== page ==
A Need For Solitude

The older I get, the more I seem to want my own space away from others. Socializing exhausts me. I spent time with two of my closest friends this weekend, staying over on Saturday evening. It was lovely, but I didn’t want to stay another night. They know me well, so I don’t have to wear a mask around them and I feel comfortable enough to tell them when I’ve had enough. They know it’s not personal. That I love them to bits, and enjoy spending time with them.

It’s not just being sociable that exhausts me. It also depends on the activities we engage in. For example, if we go on a hike or a walk on the beach, I can spend more time with people. But when it involves sensory rich environments such as carnivals/festivals (this is where we went on Saturday evening), concerts, movies, etc, I become overwhelmed and over-stimulated, and want to get back to my comfort zone (my room, my bed, my stuff) much sooner.

Every so often (very often actually) I long to just disappear for a while. Go somewhere quiet, surrounded by nature, with not a soul or building in sight for miles. Switch my phone off and disconnect from everything and everyone. But my financial situation won’t let me do that. I wouldn’t mind going camping, which is more affordable, but it’s too dangerous to go alone. So I feel stuck in an overwhelming world. My little corner of the world.

So when my friends asked me whether I would house-sit for them for about a week at the beginning of August, the decision was an easy one. Granted, I’m not someone who enjoys sleeping in unfamiliar environments and beds (even when on holiday), and I always have to prepare myself for it mentally. But I’m usually okay as long as I have my “comfort items”. My family and friends always tease me about the fact that even if I’m going or coming for one night I pack as if for a week-long trip. And it’s not clothes and other essentials that are taking up all the space. But I can’t help it, it makes me extremely anxious any other way.

While I’m looking forward to getting away from this place for a few days (and from work), I’m also a little scared as I’ll be staying alone. They have two cats (I’m not really a cat person) and two little dogs, so that’s a comfort at least. The neighborhood they live in is quiet, so I’m looking forward to the peace, and plan to enjoy my time there as much as possible. Maybe I can see it as practice for one day when I eventually have my own place.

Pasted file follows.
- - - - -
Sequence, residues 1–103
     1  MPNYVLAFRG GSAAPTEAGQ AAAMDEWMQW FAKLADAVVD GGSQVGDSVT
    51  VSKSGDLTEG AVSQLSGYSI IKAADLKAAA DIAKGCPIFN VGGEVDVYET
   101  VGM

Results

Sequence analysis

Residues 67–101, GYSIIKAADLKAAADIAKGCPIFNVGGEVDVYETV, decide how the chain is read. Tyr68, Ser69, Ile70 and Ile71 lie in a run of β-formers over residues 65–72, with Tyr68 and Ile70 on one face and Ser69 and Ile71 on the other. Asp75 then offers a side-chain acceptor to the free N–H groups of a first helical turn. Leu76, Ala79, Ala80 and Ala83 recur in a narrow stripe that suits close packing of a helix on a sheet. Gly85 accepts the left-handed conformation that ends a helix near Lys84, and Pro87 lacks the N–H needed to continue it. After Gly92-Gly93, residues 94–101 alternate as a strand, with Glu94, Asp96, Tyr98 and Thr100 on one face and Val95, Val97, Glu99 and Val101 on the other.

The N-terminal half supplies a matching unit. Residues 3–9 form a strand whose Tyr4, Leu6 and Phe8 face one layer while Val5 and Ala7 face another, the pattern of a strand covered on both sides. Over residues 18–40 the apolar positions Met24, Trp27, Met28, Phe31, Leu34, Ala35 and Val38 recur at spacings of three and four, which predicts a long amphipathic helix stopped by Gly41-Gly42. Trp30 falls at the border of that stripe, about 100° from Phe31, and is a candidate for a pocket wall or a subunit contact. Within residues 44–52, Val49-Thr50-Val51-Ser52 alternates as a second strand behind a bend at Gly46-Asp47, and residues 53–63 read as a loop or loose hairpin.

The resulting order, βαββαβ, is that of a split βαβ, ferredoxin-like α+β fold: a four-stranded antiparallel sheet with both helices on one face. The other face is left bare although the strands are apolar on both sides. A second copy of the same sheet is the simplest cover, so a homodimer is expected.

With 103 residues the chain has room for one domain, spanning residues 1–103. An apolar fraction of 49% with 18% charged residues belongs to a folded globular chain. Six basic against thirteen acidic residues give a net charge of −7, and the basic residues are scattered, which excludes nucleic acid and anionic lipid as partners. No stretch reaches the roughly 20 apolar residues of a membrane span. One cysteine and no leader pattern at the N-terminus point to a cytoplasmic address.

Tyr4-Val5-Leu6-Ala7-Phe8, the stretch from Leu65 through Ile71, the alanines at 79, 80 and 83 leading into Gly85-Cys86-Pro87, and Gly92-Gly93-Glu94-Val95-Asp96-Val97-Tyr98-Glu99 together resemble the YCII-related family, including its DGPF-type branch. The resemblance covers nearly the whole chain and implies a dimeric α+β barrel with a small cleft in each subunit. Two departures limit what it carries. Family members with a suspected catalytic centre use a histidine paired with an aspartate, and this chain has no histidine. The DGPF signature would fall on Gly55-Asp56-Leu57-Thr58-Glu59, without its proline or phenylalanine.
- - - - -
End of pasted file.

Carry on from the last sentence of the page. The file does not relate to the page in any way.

I’m supposed to be seeing my friend/business partner on Friday, but I just don’t want to, so I’ve decided to postpone it until next week. I’m going to group tomorrow anyway, so really don’t want to have to socialize more than that this week.

 

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8 thoughts on “A Need For Solitude

  1. Have you read “Quiet” by Susan Cain? The “energy suck” of being around too many people too much of the time is one of the signs of introversion. I can’t diagnose you, but you might want to think about it if you haven’t. Cain, herself a professionally accomplished introvert, talks about how she copes in a world that expects extroversion.

    Liked by 1 person

    1. Hi Dr Stein. I read that book a few years ago, and some others on introversion. I’m definitely one, and both my previous and current therapists have said as much. It’s a great book. 🙂

      Like

  2. I’m very similar to you in regards to socialising.
    Solitude actually has so many benefits as it allow your mind and body to reboot. I literally use a day of solitude as a reward for attending a function I really didn’t want to go to and I honestly find that this helps.

    Liked by 1 person

    1. Solitude is glorious. Of course, I take it too far most times, and seem to be needing more and more of it to the point of isolation. I need to learn to balance it, but it’s becoming increasingly difficult to be around people. Hopefully it’s just a phase.

      Liked by 1 person

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